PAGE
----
I love hot weather but the more the mercury rises, the more careful we riders have to be about keeping cool out on the trails. Aside from proper hydration, high quality technical clothing can make a big difference here, and I was pleased to be wearing Showers Pass’ Apex Merino Tech Tee and IMBA shorts on some of this summer’s warmest days.

I’ve spent the bulk of the riding season testing this combo, and found both to be very comfortable pieces. With lightweight, breathable fabrics and a cut that’s sporty but not snug, this kit’s casual looks belie the jersey and shorts’ on-trail performance.

Apex Merino Tech Tee

Shower's Pass Apex merino Tech Tee, frontBefore even trying it on, the first thing I liked about the Apex Merino Tech Tee was its simple style. I appreciate when a jersey can look equally at home on the trail or on a pub/coffee shop patio, and I think the Apex offers a very versatile look.

I tested a size medium, which fit me well (I’m 5’9” tall, and weigh 145lbs) but with no extra bulk anywhere- the length was just enough, and the body hangs freely around my torso but maintains a fairly slim fit.

I prefer rounded collars and ‘less is more’ construction in my jerseys, so I applaud Shower’s Pass for avoiding any extra seams on this one.  The Apex’s simple cut and great moisture managing abilities also make this an ideal base layer that won’t get bunchy under even snug fitting midlayers (like the Dainese AWA Hybrid Jacket I recently tested).

Shower's Pass Apex Merino Tech Tee, me on rock slab

My first test ride was a hot one, and right away I decided the Apex Merino Tech Tee would be a good option for the warmest days. This jersey is very light, and easily lets air flow through. It also wicks moisture and dries itself very well; aside from the usual patch directly under my hydration pack I came home from a 30 degree ride looking like I barely broke a sweat.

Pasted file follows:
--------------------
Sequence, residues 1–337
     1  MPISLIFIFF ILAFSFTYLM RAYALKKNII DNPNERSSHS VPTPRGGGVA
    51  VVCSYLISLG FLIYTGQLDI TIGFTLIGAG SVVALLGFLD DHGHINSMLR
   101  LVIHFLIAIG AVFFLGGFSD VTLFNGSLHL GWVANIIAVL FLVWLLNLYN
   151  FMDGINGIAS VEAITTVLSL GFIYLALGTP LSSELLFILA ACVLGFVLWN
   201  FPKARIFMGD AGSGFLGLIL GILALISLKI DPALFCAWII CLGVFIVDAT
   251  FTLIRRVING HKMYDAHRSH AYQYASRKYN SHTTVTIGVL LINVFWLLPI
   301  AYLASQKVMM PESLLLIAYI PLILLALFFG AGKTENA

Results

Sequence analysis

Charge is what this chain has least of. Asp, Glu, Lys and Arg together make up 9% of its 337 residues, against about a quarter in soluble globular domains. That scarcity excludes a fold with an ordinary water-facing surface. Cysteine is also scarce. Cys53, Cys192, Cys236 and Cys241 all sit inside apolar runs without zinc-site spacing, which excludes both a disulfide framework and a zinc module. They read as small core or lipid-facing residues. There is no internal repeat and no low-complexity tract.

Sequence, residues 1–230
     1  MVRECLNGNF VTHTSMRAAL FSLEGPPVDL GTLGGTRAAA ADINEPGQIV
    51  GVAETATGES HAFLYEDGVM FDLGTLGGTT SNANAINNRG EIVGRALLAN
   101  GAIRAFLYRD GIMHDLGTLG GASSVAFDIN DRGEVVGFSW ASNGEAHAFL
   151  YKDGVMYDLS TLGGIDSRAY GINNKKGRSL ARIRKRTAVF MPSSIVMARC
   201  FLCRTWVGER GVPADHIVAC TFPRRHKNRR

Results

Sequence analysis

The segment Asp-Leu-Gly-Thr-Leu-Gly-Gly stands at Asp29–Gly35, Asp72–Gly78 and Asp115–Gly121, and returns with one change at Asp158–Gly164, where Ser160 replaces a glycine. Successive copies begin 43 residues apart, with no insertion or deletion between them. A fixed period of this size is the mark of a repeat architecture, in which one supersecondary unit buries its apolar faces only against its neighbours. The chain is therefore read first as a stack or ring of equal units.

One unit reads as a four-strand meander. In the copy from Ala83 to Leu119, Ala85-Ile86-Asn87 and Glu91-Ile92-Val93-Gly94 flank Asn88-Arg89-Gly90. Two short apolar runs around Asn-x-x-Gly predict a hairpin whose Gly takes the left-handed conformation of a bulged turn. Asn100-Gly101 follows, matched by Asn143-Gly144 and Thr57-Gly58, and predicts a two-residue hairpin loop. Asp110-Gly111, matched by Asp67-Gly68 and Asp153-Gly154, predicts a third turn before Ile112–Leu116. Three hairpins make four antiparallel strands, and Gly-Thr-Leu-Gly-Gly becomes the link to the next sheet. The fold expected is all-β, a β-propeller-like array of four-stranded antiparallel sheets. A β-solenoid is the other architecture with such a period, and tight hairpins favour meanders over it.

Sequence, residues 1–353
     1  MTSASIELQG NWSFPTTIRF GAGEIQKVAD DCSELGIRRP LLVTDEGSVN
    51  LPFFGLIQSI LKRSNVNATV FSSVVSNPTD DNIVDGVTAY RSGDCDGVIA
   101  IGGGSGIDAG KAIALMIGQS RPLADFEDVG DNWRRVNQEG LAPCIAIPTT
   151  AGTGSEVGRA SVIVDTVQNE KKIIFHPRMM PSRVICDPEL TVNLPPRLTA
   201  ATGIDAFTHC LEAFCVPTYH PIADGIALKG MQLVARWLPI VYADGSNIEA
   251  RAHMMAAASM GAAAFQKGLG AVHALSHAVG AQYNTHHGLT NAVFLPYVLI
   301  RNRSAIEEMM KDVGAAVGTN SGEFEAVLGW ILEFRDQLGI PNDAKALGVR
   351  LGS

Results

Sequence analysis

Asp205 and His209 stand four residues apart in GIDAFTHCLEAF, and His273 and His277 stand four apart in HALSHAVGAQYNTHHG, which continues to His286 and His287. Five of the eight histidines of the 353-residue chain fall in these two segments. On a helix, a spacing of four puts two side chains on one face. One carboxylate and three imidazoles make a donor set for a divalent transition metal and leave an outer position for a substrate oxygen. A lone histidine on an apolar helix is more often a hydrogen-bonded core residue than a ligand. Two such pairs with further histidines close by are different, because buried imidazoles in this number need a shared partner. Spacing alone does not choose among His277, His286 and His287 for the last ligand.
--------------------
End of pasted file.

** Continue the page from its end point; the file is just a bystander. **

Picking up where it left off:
The Tech Tee’s blend of 67% Merino wool, 27% Polyester and 6% Nylon is also quite comfortable on the skin. It’s definitely one of my softest jerseys, and the merino keeps it from smelling for at least a few rides.

Shower's Pass Apex Merino Tech Tee, side pocket

One of the only features on this jersey is a small, right side zippered pocket- I tossed two cards in there for one ride, figuring a lot of people would carry a credit card and maybe an ID. Even with my hip pack’s straps sitting right over top of the cards, they didn’t bug me at all and I totally forgot they were there.

Shower's Pass Apex Merino Tech Tee, pilling

So here’s my one caveat with the Apex Merino Tech Tee: Thin merino jerseys aren’t ideal if you wear a hydration or hip pack. After just a few rides, I noticed considerable pilling of the fabric on the lower back area where my pack sits. Under another layer it holds up fine, but directly against a pack it would likely wear out pretty quickly. I have ridden both a typical hydration pack and a hip pack, and both contributed to this wear and tear. Jerseys with a high Merino content (not just this one) may be best to avoid if you usually ride with any kind of pack.

Aside from the wear my packs put on the jersey, I was very impressed with the Apex’s fit, comfort and warm-weather performance. The jersey retails for $67 USD (prices converted from CDN) and comes in Strong Blue or Dark Shadow (grey), with sizes S-XL available. A women’s model is also sold in XS-L sizes, with Strong Blue or Hollyhock color options.